Correlation Between Real And Fake Emotional Expressions Of The Face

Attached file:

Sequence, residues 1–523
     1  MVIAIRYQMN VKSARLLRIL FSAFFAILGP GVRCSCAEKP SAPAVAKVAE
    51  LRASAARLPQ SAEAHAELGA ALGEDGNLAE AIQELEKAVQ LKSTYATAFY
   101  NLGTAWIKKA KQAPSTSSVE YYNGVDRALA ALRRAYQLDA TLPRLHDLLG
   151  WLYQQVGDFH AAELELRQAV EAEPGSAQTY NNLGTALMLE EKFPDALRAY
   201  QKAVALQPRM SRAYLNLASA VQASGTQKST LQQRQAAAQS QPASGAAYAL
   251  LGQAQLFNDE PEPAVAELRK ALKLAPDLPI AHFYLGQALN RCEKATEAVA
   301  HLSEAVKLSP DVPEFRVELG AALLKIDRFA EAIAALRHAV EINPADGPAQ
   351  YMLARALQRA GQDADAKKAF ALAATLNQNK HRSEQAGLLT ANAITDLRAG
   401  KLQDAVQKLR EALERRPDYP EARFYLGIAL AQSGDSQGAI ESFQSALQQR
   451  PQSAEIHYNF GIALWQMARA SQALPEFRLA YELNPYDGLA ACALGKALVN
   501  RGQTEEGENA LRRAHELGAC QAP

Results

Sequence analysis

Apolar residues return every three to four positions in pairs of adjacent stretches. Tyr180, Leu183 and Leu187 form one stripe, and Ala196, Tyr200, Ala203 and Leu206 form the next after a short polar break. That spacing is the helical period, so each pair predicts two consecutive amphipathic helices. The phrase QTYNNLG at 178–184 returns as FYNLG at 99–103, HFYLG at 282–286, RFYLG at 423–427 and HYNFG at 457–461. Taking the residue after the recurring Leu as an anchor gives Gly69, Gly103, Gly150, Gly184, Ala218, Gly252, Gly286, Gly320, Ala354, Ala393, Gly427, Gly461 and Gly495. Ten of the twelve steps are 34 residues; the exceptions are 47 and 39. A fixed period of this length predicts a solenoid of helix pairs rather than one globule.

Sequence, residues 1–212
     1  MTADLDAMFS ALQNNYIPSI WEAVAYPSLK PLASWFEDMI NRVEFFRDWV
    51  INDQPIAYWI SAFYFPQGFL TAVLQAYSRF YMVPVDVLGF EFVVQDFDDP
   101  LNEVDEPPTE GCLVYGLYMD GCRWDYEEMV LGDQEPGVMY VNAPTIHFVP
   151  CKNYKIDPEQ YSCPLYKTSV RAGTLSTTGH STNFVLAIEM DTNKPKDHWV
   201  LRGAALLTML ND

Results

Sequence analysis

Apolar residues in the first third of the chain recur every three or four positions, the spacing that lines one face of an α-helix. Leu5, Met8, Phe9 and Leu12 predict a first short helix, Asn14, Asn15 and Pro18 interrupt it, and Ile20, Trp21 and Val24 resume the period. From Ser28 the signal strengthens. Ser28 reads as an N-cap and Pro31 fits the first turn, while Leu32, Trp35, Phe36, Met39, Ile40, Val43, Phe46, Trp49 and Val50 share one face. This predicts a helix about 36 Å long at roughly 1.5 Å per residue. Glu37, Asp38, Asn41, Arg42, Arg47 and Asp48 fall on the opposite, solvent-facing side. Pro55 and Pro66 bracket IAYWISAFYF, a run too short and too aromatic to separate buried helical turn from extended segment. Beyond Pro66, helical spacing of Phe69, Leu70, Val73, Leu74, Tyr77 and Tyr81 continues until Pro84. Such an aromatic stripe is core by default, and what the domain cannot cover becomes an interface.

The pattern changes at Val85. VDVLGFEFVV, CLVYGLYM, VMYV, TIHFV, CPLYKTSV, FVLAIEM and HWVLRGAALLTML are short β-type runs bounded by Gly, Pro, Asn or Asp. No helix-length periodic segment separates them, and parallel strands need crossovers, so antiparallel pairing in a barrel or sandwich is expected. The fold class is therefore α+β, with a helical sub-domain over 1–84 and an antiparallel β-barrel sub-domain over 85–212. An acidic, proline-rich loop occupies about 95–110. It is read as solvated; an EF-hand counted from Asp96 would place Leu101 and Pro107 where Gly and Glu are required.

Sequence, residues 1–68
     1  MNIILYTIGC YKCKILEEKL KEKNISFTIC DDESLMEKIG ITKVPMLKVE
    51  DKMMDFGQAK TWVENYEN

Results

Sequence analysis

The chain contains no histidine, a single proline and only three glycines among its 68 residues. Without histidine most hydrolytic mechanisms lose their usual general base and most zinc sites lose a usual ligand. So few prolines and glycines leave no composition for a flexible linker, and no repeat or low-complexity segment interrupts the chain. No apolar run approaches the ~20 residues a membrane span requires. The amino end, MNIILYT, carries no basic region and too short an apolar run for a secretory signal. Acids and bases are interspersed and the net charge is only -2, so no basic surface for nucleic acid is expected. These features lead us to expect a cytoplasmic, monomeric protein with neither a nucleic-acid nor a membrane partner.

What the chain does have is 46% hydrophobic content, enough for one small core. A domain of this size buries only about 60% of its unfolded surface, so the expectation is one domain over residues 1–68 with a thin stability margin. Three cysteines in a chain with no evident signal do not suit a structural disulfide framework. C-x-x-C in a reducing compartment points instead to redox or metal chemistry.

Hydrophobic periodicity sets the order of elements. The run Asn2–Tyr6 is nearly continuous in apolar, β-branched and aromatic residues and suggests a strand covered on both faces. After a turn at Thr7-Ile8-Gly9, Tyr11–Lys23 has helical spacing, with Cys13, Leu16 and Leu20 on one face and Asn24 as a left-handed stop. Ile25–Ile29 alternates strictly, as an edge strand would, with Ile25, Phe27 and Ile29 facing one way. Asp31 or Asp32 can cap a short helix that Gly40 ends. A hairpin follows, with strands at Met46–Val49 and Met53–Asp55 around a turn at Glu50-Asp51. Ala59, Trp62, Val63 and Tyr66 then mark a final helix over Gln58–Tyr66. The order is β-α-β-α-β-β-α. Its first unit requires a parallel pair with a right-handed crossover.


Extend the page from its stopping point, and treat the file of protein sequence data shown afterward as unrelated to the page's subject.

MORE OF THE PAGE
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Asymmetry also plays a role in the differentiation of real and fake emotional expressions of the face. Ekman (1980) found that when an emotion was being falsified, that one side of the face, particularly the left, would detail a stronger intensity than on the right. Ekman in Telling Lies: Clues to Deceit in the Marketplace, Politics, and Marriage (2013) details an experiment he conducted during his first year in graduate school in which students were placed in a high stress situation and observed for any body language leakage. The experiment was produced with the help of the senior professor who called students into his office and effectively frustrated the students. Ekman (2013) noted that while the students remained outwardly respectful, there were several emblematic slips that showed the students true expression. What this experiment concluded was the fact that even though an individual may be monitoring their expressions that it was possible that the body would reveal what was actually felt. The next thing Ekman (2013) noted was that as emblematic slips increased there was a subsequent decrease in the use of illustrators. Ekman’s (2013) explanation for this is that individuals are less likely to illustrate when they do not believe what they are saying or when there is difficulty in deciding what to say. Navarro’s (2009) book while identifying and explaining specific cues for each major body part is most useful for the account of the four domain model that Navarro created. The four domain model is based on limbic arousal and focuses around a comfort/discomfort situation. Navarro (2009) presents the fact that when an individual is lying they are under high stress which causes various deception and leakage clues. Although for ... ... middle of paper ... ...ofessionals underwent a brief 3 hour training consisting of updated information pertaining to myth dissolution, information provision, and feedback. The videos that subjects were to analyze consisted of personal injury narratives, life event descriptions, and facial expressions of happiness with each having genuine and deceptive accounts. The results of the testing support previous findings that training in nonverbal behavior can raise scores in deception detection. In the pretest individuals were scoring at or around chance, but after training the score was raised to 60.7%. (Porter, Joudis, Brinke, Klein, & Wilson, 2010). The scores for identification of the facial expression happiness produced similar results; subjects originally scored at or below chance before training, and afterwards the subjects identified happiness with 63.1% accuracy. (Porter et al., 2010).

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